Wednesday, July 6, 2011
Time in Perspective
One thing I've learned while researching the history of a small farm community turned suburb, a one-room schoolhouse turned successful district school, is that time passes in less than a blink. People and the times in which they live are larger than life in that moment and then gone from memory just as quickly.
The women in this picture, from left to right, Grace Parsons Cole, Marion Parsons, Martha Parsons, and Julia Jerome, were young girls playing in a cherry orchard and climbing in haylofts. Before they knew what hit them, they were in charge of the future. Now they are part of the past that few who are still living remember.
The Brass Bell will tell the story and provide a marker in time to remind those of us who would take for granted our time on earth that what we do here counts, and that we've only a few minutes to get it done.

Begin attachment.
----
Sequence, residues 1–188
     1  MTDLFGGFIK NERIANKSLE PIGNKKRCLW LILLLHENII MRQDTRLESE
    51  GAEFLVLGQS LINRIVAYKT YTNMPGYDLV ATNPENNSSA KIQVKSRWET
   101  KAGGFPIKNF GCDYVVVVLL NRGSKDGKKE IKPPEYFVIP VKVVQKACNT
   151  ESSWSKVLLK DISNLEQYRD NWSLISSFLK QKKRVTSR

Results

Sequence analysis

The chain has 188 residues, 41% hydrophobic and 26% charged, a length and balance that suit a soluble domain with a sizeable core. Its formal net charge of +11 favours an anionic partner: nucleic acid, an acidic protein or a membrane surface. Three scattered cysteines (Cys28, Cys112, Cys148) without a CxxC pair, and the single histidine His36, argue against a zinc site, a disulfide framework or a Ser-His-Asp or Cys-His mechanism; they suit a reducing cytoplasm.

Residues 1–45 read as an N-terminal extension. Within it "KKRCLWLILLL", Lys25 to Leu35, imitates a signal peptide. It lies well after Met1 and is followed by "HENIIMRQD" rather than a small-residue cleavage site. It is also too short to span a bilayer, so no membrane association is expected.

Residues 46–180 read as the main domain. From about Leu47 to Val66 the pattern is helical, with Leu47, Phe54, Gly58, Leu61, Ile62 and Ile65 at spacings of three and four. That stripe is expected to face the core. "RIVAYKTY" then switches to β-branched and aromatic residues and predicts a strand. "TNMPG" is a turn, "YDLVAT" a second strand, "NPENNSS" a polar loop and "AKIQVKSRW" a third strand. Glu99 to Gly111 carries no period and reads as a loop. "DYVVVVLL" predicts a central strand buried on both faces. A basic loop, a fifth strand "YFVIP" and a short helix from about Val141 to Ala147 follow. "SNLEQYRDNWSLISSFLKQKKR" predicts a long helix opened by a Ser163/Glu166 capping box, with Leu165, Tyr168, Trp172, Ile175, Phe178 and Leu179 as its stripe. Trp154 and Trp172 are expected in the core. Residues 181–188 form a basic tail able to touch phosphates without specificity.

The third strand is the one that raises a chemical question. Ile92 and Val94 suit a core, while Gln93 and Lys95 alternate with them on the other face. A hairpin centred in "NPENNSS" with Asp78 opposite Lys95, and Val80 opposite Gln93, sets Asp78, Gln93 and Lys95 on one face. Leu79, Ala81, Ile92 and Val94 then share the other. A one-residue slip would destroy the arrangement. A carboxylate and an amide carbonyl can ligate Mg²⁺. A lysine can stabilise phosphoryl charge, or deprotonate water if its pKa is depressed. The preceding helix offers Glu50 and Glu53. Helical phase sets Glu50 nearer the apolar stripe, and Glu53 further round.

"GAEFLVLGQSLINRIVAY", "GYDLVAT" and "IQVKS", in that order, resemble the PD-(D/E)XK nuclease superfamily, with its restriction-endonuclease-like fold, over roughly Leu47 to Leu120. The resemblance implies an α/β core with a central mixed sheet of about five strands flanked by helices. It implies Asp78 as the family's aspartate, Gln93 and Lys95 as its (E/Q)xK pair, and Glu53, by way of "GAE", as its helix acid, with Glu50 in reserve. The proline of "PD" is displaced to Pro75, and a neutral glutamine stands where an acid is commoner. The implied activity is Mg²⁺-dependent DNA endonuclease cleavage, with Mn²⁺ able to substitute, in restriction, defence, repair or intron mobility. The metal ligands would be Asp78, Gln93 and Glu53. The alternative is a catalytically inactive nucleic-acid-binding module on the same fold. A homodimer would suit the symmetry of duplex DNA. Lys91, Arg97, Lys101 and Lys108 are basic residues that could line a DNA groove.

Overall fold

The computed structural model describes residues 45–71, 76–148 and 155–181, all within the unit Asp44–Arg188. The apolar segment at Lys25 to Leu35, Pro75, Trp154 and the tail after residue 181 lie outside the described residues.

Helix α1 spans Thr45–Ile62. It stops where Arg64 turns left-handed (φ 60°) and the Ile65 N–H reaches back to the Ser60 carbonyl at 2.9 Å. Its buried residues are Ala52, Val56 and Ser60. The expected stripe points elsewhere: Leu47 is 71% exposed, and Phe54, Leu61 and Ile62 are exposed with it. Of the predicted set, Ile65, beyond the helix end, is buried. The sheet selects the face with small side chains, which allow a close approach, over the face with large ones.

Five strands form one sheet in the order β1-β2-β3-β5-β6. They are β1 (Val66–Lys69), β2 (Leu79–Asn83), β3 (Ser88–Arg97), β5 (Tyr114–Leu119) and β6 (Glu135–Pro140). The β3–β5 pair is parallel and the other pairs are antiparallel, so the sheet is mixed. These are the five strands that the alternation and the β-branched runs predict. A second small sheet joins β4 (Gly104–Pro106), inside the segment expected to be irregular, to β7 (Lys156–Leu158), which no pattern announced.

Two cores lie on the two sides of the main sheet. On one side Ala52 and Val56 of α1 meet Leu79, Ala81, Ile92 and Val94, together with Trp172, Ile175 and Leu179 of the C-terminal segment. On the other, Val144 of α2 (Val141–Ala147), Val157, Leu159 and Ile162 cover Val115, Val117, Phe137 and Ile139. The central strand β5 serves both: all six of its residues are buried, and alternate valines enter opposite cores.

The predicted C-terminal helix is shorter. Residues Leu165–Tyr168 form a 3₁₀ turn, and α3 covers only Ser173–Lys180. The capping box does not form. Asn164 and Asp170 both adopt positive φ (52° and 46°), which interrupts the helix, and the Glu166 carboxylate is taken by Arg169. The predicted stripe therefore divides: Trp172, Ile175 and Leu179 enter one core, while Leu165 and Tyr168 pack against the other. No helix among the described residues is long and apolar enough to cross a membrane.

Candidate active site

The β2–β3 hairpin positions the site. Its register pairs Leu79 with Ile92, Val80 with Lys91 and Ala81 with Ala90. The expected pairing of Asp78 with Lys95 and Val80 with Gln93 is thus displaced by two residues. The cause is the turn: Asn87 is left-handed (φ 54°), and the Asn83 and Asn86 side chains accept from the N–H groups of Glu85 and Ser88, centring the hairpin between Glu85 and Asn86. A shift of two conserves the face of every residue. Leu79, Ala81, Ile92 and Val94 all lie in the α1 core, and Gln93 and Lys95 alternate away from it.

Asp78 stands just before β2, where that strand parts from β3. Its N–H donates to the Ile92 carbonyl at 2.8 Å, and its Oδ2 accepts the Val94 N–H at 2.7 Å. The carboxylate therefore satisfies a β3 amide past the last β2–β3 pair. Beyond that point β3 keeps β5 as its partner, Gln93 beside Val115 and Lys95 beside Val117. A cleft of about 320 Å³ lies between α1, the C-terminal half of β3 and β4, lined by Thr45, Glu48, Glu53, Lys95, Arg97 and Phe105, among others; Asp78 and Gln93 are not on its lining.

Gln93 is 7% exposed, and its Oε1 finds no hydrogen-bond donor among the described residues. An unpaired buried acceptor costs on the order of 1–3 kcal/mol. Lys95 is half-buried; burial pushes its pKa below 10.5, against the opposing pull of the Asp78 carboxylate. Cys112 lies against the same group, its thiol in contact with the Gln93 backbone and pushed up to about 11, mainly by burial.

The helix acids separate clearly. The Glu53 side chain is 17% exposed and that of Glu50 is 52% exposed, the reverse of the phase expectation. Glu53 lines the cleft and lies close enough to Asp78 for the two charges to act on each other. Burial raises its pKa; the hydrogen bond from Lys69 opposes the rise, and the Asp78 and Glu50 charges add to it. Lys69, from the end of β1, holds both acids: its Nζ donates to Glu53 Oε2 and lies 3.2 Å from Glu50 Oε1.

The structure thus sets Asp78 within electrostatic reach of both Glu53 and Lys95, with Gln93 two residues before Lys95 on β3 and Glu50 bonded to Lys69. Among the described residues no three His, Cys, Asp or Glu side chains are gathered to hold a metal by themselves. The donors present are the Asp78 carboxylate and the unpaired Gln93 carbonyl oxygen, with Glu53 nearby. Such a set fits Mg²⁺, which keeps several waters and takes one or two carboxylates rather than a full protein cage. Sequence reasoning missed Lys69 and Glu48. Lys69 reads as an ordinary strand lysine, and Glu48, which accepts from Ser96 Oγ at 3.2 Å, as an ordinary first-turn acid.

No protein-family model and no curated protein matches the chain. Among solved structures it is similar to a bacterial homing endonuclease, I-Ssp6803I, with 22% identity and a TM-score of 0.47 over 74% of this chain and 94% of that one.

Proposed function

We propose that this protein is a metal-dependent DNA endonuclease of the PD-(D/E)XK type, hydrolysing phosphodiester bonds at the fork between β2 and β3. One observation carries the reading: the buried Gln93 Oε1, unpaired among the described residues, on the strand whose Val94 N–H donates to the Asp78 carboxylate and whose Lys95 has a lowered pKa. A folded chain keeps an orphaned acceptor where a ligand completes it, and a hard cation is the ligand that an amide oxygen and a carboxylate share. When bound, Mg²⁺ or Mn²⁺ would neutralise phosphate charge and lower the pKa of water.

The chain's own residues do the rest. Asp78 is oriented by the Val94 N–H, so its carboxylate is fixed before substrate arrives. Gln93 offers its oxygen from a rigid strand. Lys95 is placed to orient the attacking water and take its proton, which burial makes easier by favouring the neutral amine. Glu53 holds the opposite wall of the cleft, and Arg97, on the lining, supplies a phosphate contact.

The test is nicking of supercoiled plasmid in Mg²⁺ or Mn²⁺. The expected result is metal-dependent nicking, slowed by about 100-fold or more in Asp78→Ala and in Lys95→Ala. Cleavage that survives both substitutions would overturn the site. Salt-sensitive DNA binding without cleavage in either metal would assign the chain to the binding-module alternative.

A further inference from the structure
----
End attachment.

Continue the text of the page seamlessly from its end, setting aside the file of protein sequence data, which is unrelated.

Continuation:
Back in Oregon, work has resumed on the book. Thanks to those who contributed to my efforts on this last research trip to Syracuse. This past weekend John and I stumbled upon an old log cabin in the hills outside Portland. On the Oregon Trail, the home is preserved by the local historical society. As I stood by the old hearth, imagining a cold winter day in 1840-something, a deeper understanding of the importance of historical preservation crept into my psyche. I will try to work as hard to finish the book on time as was the volunteer who was digging weeds in the front yard of the old homestead. It wasn't that long ago that a family who crossed thousands of miles in a covered wagon piled log upon log to build the cabin in which the family lived for nearly a century. I will strive to be half as brave as they.